The World Health Organisation (WHO) has announced a review into the potential risks of plastic in drinking water after a…
The World Health Organisation (WHO) has announced a review into the potential risks of plastic in drinking water after a new analysis of some of the world’s most popular bottled water brands found that more than 90% contained tiny pieces of plastic. A previous study also found high levels of microplastics in tap water.
While tests on some Uppermost brands of bottled water have found that nearly all of them are contained tiny particles of plastic.
After the largest investigation of its kind, 250 bottles bought from 9 different countries were examined.
Research taken by journalism organization Orb Media discovered an average of 10 plastic particles per liter, each larger than the width of a human hair.
The Companies whose brands were checked told the BBC that their bottling plants were operated to the high standards.
Those tests were conducted at the State University of New York in Fredonia.
Sherri Mason, he a professor of chemistry at this university, conducted the analysis and told BBC News: “We found [plastic] in a bottle after bottle and brand after some of the brands .
“It’s not about pointing fingers at particular brands; it’s really showing that this is everywhere in the world, that plastic has become such a dangerous material in our society, and it’s pervading water – all of these products that we consume at a very basic level.”
Presently, there is no proof that ingesting very small pieces of plastic (microplastics) can cause harm, but understanding the potential implications is an active area of science.
Commenting on the results, Prof Mason said: “It’s not catastrophic, the numbers that we’re seeing, but it is concerning.”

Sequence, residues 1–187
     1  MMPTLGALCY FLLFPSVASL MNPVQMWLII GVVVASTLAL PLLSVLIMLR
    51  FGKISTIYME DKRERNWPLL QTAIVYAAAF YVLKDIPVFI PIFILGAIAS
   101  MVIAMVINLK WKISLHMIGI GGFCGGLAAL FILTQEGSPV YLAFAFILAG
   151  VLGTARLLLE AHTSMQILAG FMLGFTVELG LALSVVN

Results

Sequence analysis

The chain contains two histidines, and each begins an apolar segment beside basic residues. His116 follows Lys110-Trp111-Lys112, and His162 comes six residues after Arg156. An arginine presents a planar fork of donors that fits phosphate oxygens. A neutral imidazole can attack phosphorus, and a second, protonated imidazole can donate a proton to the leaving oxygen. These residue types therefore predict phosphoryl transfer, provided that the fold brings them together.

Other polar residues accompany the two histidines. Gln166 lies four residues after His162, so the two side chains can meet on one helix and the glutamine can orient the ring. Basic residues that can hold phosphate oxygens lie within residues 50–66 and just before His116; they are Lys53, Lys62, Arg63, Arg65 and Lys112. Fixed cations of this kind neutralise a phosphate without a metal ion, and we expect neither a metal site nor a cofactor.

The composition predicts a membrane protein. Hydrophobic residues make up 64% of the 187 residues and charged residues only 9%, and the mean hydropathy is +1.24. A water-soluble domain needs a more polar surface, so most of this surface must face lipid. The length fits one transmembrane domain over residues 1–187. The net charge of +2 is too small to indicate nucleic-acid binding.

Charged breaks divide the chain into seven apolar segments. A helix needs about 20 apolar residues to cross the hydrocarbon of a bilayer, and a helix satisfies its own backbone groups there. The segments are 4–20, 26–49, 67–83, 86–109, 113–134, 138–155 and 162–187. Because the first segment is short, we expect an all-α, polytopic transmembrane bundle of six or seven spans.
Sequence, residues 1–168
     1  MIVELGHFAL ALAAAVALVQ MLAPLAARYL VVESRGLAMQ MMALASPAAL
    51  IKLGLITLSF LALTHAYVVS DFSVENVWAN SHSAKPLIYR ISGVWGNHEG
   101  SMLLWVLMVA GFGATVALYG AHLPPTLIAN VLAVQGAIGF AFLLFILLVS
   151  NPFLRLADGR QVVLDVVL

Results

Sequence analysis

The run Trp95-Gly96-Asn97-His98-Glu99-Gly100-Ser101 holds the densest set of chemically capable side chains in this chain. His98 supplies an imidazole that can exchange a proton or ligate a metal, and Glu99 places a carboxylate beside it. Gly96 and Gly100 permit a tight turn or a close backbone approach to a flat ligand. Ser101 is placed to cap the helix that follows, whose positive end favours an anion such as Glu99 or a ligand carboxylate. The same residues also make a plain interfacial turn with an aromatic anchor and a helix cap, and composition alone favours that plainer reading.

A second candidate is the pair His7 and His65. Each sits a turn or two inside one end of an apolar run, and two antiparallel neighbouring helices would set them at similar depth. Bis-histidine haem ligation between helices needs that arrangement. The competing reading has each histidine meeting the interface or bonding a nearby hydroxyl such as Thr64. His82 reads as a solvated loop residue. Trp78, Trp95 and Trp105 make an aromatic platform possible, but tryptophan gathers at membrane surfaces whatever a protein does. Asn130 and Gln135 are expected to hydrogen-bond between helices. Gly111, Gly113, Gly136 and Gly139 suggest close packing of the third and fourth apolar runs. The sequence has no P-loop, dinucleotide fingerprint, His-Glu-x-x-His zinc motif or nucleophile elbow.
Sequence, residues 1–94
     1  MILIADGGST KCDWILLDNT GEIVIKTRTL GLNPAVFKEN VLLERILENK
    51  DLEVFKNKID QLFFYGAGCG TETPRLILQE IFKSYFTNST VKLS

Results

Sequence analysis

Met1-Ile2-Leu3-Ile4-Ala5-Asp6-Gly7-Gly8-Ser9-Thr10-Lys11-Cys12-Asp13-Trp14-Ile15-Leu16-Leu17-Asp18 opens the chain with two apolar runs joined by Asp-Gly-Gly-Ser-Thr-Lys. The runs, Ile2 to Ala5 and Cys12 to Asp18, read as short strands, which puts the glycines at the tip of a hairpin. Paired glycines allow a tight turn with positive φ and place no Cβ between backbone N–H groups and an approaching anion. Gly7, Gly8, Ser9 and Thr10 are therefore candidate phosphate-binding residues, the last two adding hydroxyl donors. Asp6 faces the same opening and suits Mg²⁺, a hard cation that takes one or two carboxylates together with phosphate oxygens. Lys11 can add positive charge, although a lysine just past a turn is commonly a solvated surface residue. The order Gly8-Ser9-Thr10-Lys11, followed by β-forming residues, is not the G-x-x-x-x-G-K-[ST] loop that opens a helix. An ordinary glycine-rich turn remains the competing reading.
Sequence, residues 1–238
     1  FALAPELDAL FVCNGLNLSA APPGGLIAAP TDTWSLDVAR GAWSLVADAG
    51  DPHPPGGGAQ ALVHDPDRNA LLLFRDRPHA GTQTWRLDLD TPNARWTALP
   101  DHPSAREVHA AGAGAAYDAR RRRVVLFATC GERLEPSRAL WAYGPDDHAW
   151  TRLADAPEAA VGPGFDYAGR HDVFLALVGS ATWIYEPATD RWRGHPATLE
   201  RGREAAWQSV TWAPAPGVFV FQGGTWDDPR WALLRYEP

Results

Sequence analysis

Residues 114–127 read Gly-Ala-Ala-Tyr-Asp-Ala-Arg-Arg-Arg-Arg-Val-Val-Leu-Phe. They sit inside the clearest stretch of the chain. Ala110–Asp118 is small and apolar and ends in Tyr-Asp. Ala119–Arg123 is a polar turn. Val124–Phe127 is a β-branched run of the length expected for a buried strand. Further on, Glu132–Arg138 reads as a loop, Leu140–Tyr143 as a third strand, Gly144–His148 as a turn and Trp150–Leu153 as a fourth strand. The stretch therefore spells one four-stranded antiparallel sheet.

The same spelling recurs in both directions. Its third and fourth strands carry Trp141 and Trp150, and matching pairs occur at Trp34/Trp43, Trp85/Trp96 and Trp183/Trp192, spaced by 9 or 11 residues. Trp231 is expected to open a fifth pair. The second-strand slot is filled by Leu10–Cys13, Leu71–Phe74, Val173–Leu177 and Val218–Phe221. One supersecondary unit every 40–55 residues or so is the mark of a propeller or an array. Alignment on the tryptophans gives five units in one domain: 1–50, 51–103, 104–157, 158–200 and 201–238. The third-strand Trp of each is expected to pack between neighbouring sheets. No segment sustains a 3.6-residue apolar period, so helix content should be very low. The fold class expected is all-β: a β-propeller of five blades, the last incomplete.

Seniors have told the BBC that people in developing countries where almost tap water may be polluted should continue to drink water from plastic bottles.
Contacted to comment on the findings, the companies behind the brands have insisted that their products meet the highest standards for safety and quality.
They also point to the absence of any regulations on microplastics and of the lack of standardized methods of testing for them.
Last year, Prof Mason found plastic particles in samples of tap water and other researchers have spotted them in seafood, beer, sea salt and even the air.
This latest work comes amid growing international attention on plastic, fuelled by the BBC’s acclaimed Blue Planet 2 series in which Sir David Attenborough highlighted the threat of plastic waste in our oceans.
The research into bottled water involved buying packs from 11 different global and national brands in countries chosen for their large populations or their relatively high consumption of bottled water. These were:
Leading international brands:
Leading national brands included:
To eliminate any risk of contamination, purchases in shops and deliveries to courier companies were recorded on video. Some packs in the US were ordered over the internet.
The screening for plastic involved adding a dye called Nile Red to each bottle, a technique recently developed by British scientists for the rapid detection of plastic in seawater.
Previous studies have established how the dye sticks to free-floating pieces of plastic and makes them fluoresce under certain wavelengths of light.
Prof Mason and her colleagues filtered their dyed samples and then counted every piece larger than 100 microns – roughly the diameter of a human hair.